Second, unlike some other problems there isn't a language problem that you can't pay to solve. If you're still working in ESL then you're missing MOST of what's really going one. Not some, not part, not a bit, MOST of what's going on is not being relayed to you. This is a problem that money can solve–hire someone that is fluent in both Chinese and your language. And then train them to tell you what's going on–not just what's being said, but what's really going on. There is a big difference in what's said and what' happening and you need to know both. Of course the best way to do this is to learn Chinese yourself–it'll take you two years, full time, but you can do it. Or you can hire someone that you can depend on to follow you around 24/7.

Third, time up front saves money later. Do your due diligence on your potential suppliers BEFORE you pay them anything. Know what has to be done to get your product completed before you ever start asking questions to factories about the the process. Know the market prices for all your components and raw materials. Know the import taxes and duties in your destination countries on your goods before you ever start any work in China. Get more than one bid and get more than one factory approved to do production. Tie QC to payments and make sure that the factory is not only aware of this but in complete agreement from the top down. Make sure there are no problems with your documents and artwork.

Fourth, even a single day of QC early on can save your project time, money and problems later. To me this is the single most overlooked part of working in China. Have a 3PQ confirm that what you're paying for is actually being done. It can be as painless as just spending $300 to get a day of QC at about 25% of production and then another $300 to have 85% to 90% of the product confirmed again.

Fifth, Westerners typically think of cost, quality and time as the most important factors affecting any project. Your Chinese supplier is usually thinking cost, cost and face. Quality is such a vague concept that it's never a priority for your manufacturer–he'll do exactly what he's compelled to do and no more. There are so many levels of quality in China that you'll get only what you can enforce–why would they do anything more?

My friend Mike Bellamy always says: "All quality problems are really money problems." I rephrase it as "There isn't any quality problem that more of your money won't solve." So in this since, Chinese are thinking about quality, but it's more about how to afford quality not about the concept of doing things right.

Time is similar. There is nothing comparable in China to the delivery expectations of the Western box stores. Everything is flexible since everything in China is always changing and/or under construction. Hell, there was/is a 60 day traffic jam in Beijing–you think that every one of those orders was cancelled just because it was late? Of course not. Chinese don't work like that. You have to be understanding and flexible here or you'll have a heart attack.

If I had to make a guess, I'd say that most foreigners who have problems in China, most of them not knowing it, have problems because they can't read the signs–not the Chinese language signs, but the cultural ones. Maintenance of face and status are the only things that I can think of that will trump the desire to make money in China. There are many reasons for this, but one is the fact that if you have face/status historically you've still been able to make more money. But without that social position, you have nothing.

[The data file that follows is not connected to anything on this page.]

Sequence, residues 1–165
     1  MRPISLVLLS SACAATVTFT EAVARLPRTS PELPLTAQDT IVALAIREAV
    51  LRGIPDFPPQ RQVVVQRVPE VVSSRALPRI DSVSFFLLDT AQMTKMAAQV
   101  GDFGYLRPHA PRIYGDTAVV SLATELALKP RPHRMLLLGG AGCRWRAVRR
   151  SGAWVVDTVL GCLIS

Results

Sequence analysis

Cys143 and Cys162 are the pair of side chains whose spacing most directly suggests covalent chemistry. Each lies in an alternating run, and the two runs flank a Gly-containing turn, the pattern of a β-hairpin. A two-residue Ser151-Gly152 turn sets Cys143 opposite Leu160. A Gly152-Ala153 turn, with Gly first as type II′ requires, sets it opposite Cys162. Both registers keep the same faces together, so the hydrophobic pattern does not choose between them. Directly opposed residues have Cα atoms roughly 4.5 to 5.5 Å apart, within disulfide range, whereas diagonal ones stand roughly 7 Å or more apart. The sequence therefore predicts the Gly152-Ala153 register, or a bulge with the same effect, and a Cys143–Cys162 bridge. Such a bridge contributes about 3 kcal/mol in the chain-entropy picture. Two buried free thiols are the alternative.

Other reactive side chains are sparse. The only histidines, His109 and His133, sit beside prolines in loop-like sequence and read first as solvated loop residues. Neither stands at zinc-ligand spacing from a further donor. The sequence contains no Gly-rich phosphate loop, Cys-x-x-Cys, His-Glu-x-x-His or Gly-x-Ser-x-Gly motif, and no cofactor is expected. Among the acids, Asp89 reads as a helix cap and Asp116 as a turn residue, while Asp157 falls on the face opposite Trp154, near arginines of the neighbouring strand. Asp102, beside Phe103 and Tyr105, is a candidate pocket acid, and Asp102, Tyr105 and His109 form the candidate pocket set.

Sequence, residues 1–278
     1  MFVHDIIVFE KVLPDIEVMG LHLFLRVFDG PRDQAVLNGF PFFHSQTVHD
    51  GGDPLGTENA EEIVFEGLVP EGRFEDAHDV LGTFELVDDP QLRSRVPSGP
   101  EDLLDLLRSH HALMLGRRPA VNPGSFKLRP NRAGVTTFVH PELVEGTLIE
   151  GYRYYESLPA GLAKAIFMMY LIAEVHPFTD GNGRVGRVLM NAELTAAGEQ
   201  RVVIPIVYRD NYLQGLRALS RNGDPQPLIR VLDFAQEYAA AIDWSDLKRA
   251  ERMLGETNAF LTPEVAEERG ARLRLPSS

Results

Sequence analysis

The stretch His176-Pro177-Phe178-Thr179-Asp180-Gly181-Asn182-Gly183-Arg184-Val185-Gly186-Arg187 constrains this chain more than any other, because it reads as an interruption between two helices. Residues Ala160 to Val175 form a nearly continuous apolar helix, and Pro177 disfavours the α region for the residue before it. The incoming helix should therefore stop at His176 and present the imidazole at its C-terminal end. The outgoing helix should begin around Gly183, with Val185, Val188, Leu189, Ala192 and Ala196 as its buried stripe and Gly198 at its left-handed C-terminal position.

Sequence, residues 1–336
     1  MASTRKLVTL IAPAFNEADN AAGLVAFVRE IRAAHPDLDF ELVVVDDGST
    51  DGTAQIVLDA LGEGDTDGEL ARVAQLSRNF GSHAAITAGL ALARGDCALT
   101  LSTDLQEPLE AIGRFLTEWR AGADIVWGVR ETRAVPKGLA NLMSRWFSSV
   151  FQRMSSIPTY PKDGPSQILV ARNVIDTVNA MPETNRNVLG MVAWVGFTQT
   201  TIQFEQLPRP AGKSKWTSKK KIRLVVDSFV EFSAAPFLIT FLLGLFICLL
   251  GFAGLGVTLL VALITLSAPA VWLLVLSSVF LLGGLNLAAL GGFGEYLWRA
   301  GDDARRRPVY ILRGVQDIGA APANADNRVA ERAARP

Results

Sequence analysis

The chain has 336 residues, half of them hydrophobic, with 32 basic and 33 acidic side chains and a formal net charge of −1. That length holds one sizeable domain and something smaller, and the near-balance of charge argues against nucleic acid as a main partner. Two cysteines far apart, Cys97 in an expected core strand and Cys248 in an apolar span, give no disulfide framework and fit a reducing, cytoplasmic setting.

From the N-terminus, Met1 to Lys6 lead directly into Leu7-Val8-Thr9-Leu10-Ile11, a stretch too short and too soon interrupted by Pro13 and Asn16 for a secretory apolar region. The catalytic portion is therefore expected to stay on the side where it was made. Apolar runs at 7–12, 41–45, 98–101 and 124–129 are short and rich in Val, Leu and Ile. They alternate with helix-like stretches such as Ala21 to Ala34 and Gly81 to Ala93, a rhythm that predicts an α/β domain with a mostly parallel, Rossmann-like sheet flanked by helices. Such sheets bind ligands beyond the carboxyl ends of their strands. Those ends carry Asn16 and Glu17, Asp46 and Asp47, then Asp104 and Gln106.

Americans especially are very direct about business and problems. We think it's "honest" and "just how things are done." But here it's insulting (even if it's true) and often the complete wrong way to get things done. In the US, where time is money, it's the best way to get the most done. We want to know what's wrong and why without wasting time guessing or beating around the bush. But when your country and culture is thousands of years old, there is much less urgency to each transaction. I have many clients come to China and before they get here they tell me they've scheduled something like one day each with a number of different suppliers and ask me what they should do to make things go smoothly. I always say: "Spend more time with each one–the more money you spend on them, the more time you should spend with them." Of course, no one ever takes my advice ("We've already booked our return tickets.") and so instead of doing what's best for millions of dollars of product, they do what's best for a $1000 plane ticket.

Time spent on relationships will save you money and problems.

Finally, sixth, China is as risky as you make it. Mike Lavine from BV once told me that he was amazed at how many foreigners come to China and think "Well, since China's such a big risk anyway, we're just going to throw all our SOP's out the window and jump in with both feet." Whither this is your conscious decision when coming to China or not, don't let it be your default position. Don't let a short trip force you into uninformed decisions. And just in case you didn’t know this yet, not being here in China when you’ve got production on-going greatly increases your risk.

China IS risky, but the level of risk is in direct proportion to the amount of research and effort you put into your China investment. Just because you've heard that due diligence is hard to do in China (true, it is), that doesn't mean that you just don't even try to do it. Instead, you should take more time and try to do more, not less. Just because you have your ticket home already, doesn't mean that you should agree to start production before you see samples. If you can’t be here, hire someone to do it for you–it’s well worth the money.

You can either learn from history (other's mistakes) or you can repeat it. Good luck!

David Dayton is the owner of Silk Road International and currently lives full-time in Shenzhen, China. He speaks English, Thai and Mandarin and has worked in Asia for more than 15 years. You can contact him at This email address is being protected from spambots. You need JavaScript enabled to view it.This e-mail address is being protected from spam bots, you need JavaScript enabled to view it   or at